In the past few years I’ve noticed a rise of “corporate feminism”—the use of feminist rhetoric in an attempt at marketing. Despite the potentially positive messages contained within this media, it should not be mistaken for legitimate feminist activism.

One of the most well known examples of corporate feminism is the Dove “Real Beauty TM” campaign. In one video, the ad tackles the way women view themselves. Sketched by an artist, women can see that they are more beautiful than they had previously thought. The video is moving, and as a woman who has struggled with my body image, it had an effect on me. So what exactly is the problem?

The short answer is that corporate feminism doesn’t care about you or me, it only cares about our money. This marketing may be powerful, but in the end it is still an ad, with the end goal not being self-acceptance, but purchases. Dove would be very displeased at the prospect of universal self-acceptance because satisfaction does not sell beauty products. For example, the company is owned by Unilever, which also sells “Fair and Lovely,” a skin-bleaching cream, which capitalizes on white supremacy in the beauty industry. Our ability to love our bodies without the assistance of cosmetics and soaps is Unilever’s worst-case scenario. If we were to whole-heartedly love our bodies, then why would we need shampoo to help manage our split ends?

At this point you may be thinking that it is not news that corporations aren’t perfect. Maybe if the ads are not entirely sincere, then at least they are promoting discussion. Perhaps some change can come out of questionable content if consumers take a moment to think about feminist issues when purchasing breakfast cereal, or a bar of soap. Unfortunately, this is not the case. The problem lies with corporate feminism’s lack of diversity—not just in its media, which mostly features white, able-bodied women—but in its choice of topics. Bonafide feminism is as diverse as its membership; it encompasses everything from conception, to race, to occupation. Corporate feminism instead focuses solely on ideas that can make money, mostly sanitized messages about body image. These are concepts which everyone can comfortably support, but do not address the root of the problem. While great change can come from diverse feminist dialogue, corporate feminism instead fosters a conversational monoculture, one which is not intended to produce anything other than sales.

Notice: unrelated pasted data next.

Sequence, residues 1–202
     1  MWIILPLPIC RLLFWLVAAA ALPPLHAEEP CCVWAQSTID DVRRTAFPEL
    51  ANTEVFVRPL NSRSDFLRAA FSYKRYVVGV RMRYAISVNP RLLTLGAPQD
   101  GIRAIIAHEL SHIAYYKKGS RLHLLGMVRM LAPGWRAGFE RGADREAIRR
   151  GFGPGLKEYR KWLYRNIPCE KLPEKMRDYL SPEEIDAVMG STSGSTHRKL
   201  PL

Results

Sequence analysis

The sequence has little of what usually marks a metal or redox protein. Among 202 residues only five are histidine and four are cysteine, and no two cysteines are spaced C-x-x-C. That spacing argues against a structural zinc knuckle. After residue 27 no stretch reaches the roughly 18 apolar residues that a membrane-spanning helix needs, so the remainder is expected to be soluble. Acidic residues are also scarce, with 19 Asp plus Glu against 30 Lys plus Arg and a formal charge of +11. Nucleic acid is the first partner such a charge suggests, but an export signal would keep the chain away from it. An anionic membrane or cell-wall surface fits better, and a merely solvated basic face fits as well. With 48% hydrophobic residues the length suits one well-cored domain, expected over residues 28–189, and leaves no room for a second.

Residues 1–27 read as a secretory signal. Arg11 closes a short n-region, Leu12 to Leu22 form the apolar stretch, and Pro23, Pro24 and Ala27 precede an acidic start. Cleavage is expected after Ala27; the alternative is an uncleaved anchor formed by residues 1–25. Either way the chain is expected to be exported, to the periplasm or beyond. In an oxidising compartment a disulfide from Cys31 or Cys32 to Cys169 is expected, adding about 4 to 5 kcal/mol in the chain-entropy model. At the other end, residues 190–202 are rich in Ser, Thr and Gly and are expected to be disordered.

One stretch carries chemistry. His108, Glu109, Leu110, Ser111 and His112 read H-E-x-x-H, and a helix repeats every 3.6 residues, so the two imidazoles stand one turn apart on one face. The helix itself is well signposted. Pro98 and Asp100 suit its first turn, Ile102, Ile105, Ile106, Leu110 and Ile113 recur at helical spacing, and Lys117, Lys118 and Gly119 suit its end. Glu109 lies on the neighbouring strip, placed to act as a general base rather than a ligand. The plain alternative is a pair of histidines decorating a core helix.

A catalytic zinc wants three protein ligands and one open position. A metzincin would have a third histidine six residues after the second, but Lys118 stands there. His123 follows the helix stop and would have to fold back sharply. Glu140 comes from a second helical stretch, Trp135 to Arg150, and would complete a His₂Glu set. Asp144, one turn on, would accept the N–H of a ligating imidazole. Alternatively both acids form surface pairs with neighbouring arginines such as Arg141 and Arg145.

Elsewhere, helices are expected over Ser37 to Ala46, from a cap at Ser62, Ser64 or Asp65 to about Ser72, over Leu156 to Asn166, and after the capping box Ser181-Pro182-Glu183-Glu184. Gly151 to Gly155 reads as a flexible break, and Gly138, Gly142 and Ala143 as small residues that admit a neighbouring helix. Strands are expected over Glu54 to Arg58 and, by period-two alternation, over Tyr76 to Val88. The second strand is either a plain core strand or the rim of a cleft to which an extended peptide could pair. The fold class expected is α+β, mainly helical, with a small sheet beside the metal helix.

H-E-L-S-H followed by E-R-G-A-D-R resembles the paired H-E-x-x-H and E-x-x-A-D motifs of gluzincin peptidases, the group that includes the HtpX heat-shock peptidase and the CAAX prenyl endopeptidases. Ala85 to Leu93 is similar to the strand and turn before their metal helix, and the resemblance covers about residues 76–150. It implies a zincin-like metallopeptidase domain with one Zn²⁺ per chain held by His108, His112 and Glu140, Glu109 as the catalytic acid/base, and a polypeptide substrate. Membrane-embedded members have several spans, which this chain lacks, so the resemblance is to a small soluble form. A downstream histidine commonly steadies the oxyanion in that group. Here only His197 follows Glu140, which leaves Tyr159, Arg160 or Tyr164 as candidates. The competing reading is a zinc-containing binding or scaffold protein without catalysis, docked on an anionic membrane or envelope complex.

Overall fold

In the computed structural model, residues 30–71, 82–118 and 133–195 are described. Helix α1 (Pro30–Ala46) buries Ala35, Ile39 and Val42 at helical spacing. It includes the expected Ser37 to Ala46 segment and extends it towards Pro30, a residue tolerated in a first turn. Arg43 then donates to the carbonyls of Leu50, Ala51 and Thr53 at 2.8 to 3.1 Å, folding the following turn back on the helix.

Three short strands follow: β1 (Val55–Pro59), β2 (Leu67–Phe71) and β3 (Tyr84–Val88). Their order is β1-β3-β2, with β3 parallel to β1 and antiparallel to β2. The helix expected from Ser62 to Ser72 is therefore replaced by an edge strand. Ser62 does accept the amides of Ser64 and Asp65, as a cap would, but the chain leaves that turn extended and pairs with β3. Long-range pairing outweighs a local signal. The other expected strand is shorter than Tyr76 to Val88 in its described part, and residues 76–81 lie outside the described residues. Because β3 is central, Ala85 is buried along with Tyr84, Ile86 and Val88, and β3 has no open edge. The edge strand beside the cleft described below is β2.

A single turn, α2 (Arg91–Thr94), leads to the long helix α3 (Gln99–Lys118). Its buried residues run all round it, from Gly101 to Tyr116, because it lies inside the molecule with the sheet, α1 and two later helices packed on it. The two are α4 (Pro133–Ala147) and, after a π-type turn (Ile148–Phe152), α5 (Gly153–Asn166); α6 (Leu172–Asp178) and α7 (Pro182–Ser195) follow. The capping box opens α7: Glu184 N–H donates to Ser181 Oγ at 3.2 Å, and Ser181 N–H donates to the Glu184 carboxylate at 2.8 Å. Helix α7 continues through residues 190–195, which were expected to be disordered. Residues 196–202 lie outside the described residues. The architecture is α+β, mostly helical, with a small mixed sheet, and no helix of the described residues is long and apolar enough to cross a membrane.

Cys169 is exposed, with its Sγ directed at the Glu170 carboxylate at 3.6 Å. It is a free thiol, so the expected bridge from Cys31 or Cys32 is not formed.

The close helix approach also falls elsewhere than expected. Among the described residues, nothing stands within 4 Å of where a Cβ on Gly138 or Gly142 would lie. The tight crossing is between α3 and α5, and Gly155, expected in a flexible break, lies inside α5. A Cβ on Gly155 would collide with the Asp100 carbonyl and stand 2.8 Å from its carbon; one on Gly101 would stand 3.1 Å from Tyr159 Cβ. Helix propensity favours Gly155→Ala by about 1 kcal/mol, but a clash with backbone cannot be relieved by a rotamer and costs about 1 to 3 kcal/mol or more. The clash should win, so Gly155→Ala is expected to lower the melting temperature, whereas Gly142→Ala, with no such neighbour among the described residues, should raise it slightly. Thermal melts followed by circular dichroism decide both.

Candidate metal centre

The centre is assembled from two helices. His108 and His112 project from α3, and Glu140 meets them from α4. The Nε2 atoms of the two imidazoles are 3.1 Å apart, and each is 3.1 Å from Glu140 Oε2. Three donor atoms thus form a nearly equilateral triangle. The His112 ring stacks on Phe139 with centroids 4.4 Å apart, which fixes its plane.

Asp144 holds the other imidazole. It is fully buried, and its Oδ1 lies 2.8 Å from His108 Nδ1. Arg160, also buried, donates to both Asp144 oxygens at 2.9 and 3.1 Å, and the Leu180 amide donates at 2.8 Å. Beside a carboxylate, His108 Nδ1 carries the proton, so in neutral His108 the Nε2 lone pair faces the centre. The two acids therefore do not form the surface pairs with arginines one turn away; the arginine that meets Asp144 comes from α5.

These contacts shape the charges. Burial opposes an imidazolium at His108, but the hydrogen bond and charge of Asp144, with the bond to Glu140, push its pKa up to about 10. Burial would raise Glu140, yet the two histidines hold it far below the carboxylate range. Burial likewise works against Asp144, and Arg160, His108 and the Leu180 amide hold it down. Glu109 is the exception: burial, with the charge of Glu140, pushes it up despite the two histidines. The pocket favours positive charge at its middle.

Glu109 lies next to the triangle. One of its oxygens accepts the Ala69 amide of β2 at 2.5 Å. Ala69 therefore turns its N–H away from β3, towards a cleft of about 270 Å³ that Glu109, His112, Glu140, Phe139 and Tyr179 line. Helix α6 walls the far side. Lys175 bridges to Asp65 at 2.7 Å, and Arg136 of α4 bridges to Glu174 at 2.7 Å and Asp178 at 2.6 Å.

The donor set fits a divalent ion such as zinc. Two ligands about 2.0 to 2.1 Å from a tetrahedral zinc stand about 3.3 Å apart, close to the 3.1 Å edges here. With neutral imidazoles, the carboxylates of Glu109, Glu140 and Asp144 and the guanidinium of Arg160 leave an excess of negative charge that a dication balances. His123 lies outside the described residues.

Furthermore, corporate feminism often misses the point or leads us astray when it comes to meaningful social change. The Dove “Real Beauty TM” video focused on acceptance through appearance, not holistic self-love. The advertisement for Special K cereal had women throwing off the bonds of the patriarchy through physical fitness, which is not an option for many women with disabilities, nor should it be the sole path to self-acceptance. Both campaigns put the onus on women to change, not questioning the societal structures that make us feel the way we do about our bodies. Corporate feminism’s “solution”—through the magic of retail therapy—is also inaccessible to those who cannot buy their way in. It reduces a movement that is meant to be inclusive to one that is only available to those with disposable income.